Cenobamate (See-no-BAH-mate) is the generic name (non-brand name) of a seizure medicine with the brand name Xcopri from SK Biopharma


Used to treat

Focal Aware or Simple Partial Seizure


Strength Color/Shape Tablet Markings
12.5 mg Uncoated round white to off white tablets SK marking on one side and 12 on the other side
25 mg Film-coated round brown tablets

SK marking on one side and 25 on the other side

50 mg Film-coated round yellow tablets

SK marking on one side and 50 on the other side

100 mg Film-coated round brown tablets

SK marking on one side and 100 on the other side

150 mg Film-coated round light orange tablets

SK marking on one side and 150 on the other side

200 mg Film-coatd modified oval light orange tablets

SK marking on one side and 200 on the other side



The recommened dosage and titration should not be modified, because it can potentially lead to serious adverse reactions. 

Initial Dosage

Week 1 & Week 2 12.5 mg QD



Week 3 & Week 4 25 mg QD
Week 5 & Week 6 50 mg QD
Week 7 & Week 8 100 mg QD
Week 9 & Week 10 150 mg QD

Maintenance Dosage

If needed, you may increase the dosage above 200 mg QD in increments of 50 mg QD every 2 weeks up to 400 mg of maximum QD.


You must decrease the dosage gradually over the course of 2 weeks, unless instant withdrawal is needed due to serious adverse event.
  • People with liver problems (hepatic impairment), the maximum dosage to take daily may differ depending on Child-Pugh assessment.
  • Follow your prescribing doctor's instructions 
How to take and store Cenobamate?

How to take: 

Take Cenobamate exactly as your health care provider prescribes it. Do not change your dose without talking to you provider first. Stopping a seizure medicine suddenly can cause seizures that will not stop (status epilepticus).

  • Check the number of tablets and the strength of pills you get from the pharmacy. If your provider changes your dose, the strength of pills may be different. 
  • Cenobamate is usually taken ONCE A DAY. 
  • Cenobamate should be taken orally with liquid without crushing or chewing.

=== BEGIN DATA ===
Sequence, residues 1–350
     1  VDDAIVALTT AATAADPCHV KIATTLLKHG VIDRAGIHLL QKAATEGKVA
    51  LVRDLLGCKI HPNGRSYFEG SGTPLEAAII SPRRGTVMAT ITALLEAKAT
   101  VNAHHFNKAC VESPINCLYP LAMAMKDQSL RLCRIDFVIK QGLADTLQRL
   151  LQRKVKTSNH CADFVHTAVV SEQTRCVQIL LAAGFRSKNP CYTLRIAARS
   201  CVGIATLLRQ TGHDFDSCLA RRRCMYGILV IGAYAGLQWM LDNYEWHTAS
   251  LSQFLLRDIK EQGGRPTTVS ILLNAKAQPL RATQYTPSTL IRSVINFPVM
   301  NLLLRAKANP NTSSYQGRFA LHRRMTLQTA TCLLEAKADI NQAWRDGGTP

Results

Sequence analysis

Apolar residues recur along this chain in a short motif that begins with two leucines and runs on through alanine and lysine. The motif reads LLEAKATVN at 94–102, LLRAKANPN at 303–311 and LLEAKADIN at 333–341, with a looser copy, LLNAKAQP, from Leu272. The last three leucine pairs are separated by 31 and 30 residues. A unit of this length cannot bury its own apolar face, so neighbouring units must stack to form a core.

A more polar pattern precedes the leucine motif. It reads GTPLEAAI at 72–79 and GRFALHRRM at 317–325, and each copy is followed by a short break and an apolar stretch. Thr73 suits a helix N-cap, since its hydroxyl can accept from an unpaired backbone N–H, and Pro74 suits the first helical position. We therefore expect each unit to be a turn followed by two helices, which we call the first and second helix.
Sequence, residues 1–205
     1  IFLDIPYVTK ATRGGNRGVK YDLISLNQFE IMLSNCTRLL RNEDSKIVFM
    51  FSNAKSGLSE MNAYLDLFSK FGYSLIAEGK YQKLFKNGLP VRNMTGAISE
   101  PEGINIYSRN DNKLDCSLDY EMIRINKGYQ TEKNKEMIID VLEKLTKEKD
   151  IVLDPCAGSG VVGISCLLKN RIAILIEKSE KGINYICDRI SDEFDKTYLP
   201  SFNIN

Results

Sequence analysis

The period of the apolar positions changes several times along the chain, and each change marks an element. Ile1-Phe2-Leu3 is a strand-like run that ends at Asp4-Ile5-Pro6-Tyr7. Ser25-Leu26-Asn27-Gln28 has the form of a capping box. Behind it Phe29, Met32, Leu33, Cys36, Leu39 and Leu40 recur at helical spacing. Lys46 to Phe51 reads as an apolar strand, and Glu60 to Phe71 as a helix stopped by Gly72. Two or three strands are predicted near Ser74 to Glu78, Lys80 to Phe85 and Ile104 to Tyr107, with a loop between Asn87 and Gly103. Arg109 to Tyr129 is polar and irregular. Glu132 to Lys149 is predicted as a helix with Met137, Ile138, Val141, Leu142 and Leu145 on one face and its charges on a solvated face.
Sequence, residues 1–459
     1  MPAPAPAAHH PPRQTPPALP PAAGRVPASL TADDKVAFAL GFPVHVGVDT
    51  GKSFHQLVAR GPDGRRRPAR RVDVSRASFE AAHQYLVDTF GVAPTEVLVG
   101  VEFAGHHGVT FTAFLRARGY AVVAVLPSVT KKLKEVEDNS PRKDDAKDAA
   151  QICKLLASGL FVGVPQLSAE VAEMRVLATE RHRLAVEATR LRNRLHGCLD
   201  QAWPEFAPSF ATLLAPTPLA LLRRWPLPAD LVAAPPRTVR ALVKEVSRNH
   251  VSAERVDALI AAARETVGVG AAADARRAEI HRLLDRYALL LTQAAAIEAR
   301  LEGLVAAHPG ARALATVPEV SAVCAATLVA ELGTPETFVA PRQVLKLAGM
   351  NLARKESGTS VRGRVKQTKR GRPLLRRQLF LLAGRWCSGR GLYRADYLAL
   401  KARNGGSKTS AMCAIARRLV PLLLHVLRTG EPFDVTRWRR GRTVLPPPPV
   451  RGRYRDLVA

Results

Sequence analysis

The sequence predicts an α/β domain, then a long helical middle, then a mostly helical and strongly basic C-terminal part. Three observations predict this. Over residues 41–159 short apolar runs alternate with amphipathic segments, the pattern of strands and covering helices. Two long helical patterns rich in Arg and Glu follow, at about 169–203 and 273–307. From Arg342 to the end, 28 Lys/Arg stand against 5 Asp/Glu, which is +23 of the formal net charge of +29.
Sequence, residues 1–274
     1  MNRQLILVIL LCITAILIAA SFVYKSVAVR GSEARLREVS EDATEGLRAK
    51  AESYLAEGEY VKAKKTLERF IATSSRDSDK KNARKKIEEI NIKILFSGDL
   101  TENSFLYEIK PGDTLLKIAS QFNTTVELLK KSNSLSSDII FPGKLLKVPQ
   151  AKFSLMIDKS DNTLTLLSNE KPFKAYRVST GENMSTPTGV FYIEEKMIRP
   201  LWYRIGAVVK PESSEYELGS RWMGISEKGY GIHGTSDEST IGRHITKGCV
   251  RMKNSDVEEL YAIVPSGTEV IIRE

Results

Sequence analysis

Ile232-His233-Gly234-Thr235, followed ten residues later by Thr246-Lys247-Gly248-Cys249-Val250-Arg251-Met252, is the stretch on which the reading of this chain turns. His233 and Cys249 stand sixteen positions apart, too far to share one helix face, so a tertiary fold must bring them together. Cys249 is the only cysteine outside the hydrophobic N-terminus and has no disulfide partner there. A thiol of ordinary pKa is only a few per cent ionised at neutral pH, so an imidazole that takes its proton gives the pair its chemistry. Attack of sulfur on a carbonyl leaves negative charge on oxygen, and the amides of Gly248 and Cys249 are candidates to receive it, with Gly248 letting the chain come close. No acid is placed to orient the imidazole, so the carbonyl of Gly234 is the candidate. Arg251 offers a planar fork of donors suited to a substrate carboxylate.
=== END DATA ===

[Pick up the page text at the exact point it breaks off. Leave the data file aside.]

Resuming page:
• It can be taken with or without food, but it’s best to take it the same way every day. 
  • Take only the amount that your provider tells you to take. If you take an extra dose, call your provider for advice. If you take a large number of pills or overdose, call the poison control center (800-222-1222) or call your hospital emergency room or dial 911 right a way. 

How to Store:

  • Store Cenobamate at room temperature between 68oF to 77oF (20oC to 25oC) or below 86oF, 30oC.
  • Properly discard medicine that is out of date or no longer needed. 
  • Keep Cenobamate and all medicines out of reach of children. 
What if I forget?

Taking the right amount of seizure medicine on time every day is the most important way to control seizures. Try these steps to help you remember when to take seizure medicine.

  • If you miss a dose, take it as soon as you remember it. If it is almost time for the next dose, skip the missed dose and go back to your usual schedule. 
  • Avoid taking multiple dosages at the same time as it can lead to serious adverse events. 
  • To avoid missing doses, you may utilize a pillbox, set a reminder on your watch or phone, or have a family member remind you.
  • Write down any missed doses in your seizure calendar. Share this with your health care provider at each visit. 
How does Cenobamate affect the brain?

Brain cells normally talk to each other using electrical signals and chemicals. Seizures can happen when the brain cells excitation goes up or brain cells’ ability for inhibition is not enough.

  • Cenobamate works in the brain by increasing the inhibition of the brain cells. The precise mechanism of action is unknown, however we do know that Cenobamate has sodium-channel blocking properties meaning that Cenobamate binds to a certain channel protein (located in brain) when it is in its inactivated state and Cenobamate slows the brain cells transition from inactivated to resting. 
How does the body digest Cenobamate?

How the body absorbs, digests, and breaks down or gets rid of a medicine is called metabolism. The way the body metabolizes a medicine affects how often it must be taken. This process can also affect if it will interact with other medicines. If a person has liver or kidney problems, a person's metabolism may be affected. 

Some important points about Cenobamate:

  • The highest blood levels are reached in 1 to 4 hours after taking a dose of this medicine 
How well does the Cenobamate work?